Toni Rüttimann

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Toni Rüttimann, also known in Latin America as "Toni El Suizo" ("Swiss Toni"), (born 21 August 1967, Pontresina, Switzerland) is a Swiss bridge builder, working in Southeast Asia and in Latin America, where he is known as Toni el Suizo (Toni the Swiss).[1]

Bridgebuilder Toni Rüttimann - Toni el Suizo

Toni Rüttimann builds suspension bridges with communities in need and with recycled materials, and this independently, free and unpaid.[1]

Companies contribute their used material and local governments concede permits and help with transportation – respecting the fact that the main effort is made by the population, with no one asking anything in return, with the bridge belonging to the population who has built it.[2]

The bridges are for use of pedestrians, pack animals, motorcycles, two-wheel-tractors - but not for cars. In every country where Toni Rüttimann stays for some years, he builds up a small team of national welders and looks for one “bridgebuilder companion” whom he teaches his own work, and who later is able to perform maintenance.[3]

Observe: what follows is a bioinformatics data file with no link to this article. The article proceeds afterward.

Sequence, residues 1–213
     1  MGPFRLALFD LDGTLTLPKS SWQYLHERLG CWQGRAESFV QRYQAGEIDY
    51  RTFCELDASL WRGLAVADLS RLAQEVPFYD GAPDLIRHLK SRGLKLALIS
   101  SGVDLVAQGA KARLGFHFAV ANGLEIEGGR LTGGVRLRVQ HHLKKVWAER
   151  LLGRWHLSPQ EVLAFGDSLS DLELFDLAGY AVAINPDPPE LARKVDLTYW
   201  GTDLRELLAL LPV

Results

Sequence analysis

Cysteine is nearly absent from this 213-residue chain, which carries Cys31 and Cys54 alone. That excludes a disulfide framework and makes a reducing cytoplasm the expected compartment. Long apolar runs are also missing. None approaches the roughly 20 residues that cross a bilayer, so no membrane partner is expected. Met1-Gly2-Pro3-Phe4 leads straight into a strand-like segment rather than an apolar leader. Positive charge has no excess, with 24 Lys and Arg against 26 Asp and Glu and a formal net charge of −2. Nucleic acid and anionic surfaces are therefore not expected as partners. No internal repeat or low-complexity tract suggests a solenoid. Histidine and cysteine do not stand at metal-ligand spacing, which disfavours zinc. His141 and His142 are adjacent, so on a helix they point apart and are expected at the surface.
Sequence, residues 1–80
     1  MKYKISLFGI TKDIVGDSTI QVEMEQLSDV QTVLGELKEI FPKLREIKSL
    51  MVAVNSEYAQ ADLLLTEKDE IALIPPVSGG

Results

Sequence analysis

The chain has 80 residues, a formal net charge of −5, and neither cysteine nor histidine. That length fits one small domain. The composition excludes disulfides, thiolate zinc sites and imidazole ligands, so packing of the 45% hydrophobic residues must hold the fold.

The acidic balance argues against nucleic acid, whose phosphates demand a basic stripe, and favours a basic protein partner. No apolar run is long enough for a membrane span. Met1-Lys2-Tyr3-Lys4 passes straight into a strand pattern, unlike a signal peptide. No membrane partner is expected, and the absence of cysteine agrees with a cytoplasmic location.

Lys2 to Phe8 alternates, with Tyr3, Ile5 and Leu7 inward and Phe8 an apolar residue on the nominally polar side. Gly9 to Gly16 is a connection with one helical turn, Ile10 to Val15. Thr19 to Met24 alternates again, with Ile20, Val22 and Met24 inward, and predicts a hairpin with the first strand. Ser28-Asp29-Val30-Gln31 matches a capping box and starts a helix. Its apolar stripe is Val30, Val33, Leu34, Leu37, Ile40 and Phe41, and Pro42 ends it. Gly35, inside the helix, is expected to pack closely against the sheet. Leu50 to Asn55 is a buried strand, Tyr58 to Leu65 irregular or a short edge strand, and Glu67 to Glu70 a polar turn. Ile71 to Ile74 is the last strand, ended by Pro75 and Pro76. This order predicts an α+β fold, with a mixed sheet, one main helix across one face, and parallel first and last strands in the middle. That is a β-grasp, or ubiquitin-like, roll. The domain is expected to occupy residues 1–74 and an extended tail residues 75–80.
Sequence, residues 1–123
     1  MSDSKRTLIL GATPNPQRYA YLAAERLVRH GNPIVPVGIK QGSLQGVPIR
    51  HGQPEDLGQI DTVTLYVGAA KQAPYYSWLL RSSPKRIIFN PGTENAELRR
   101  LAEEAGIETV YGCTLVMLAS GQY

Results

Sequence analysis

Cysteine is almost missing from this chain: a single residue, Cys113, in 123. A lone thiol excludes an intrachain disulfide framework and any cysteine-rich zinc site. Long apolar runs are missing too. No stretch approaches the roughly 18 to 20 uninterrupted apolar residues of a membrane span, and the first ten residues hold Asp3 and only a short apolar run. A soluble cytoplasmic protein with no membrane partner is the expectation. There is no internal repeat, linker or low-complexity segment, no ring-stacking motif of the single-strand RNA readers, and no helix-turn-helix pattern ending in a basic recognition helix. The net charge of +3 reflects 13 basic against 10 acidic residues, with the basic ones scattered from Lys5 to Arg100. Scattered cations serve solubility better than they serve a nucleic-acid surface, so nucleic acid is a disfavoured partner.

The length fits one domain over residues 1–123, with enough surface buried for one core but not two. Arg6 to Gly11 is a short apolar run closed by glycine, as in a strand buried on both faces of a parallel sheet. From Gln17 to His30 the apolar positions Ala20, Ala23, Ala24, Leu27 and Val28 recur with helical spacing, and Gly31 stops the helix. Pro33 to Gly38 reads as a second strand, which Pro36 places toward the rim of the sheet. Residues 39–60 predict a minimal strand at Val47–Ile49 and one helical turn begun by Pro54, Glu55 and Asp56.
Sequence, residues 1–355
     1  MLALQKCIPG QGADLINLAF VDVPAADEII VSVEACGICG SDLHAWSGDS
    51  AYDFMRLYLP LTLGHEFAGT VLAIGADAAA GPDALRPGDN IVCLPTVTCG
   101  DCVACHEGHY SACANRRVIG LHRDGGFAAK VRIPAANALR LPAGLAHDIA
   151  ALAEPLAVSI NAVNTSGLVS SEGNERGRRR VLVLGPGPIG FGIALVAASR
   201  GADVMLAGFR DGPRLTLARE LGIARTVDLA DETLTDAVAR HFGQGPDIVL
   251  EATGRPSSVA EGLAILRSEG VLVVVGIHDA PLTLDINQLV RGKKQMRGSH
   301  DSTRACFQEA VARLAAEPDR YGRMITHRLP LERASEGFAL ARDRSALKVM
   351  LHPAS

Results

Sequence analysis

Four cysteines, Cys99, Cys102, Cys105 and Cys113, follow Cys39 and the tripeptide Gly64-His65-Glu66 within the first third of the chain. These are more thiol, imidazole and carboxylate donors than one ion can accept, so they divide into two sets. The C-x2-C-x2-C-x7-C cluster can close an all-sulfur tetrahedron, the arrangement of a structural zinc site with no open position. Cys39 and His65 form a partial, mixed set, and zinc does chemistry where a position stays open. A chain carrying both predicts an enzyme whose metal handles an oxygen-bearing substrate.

Toni Rüttimann has no residence: he carries everything he needs in two bags. One for his personal things, the other for his laptop computer and a few tools of his trade. [1][4]

Together with the population he has built 648 bridges which serve 1.9 million people (March 20, 2014).[5]


Beginnings in Ecuador[edit]

In 1987, two weeks before finishing high school at the Lyceum Alpinum in Zuoz, Toni sees on TV images of the destruction caused by an earthquake in Ecuador. He decides to fly to South America in the same night of graduation, taking his youth savings and 9000 Swiss Francs donated by the neighbours of Pontresina and the Engadine Valley. [1][3]

Once in the disaster area, in the northeast of Ecuador, Toni meets a Dutch hydraulics engineer. With his technical help and with the population of the village Flor del Valle, cut off from the outside by a tributary of the Aguarico river, he builds a simple suspension bridge of 52 meters. [4]

After six months in Ecuador, Toni returns to Switzerland and begins his studies of civil engineering at the Federal Institute of Technology in Zurich. However, seven weeks later he decides to leave university and return to Ecuador. He fears that, getting used to this lifestyle in Switzerland for five years, he would never go back again to helping those in need. [3][4]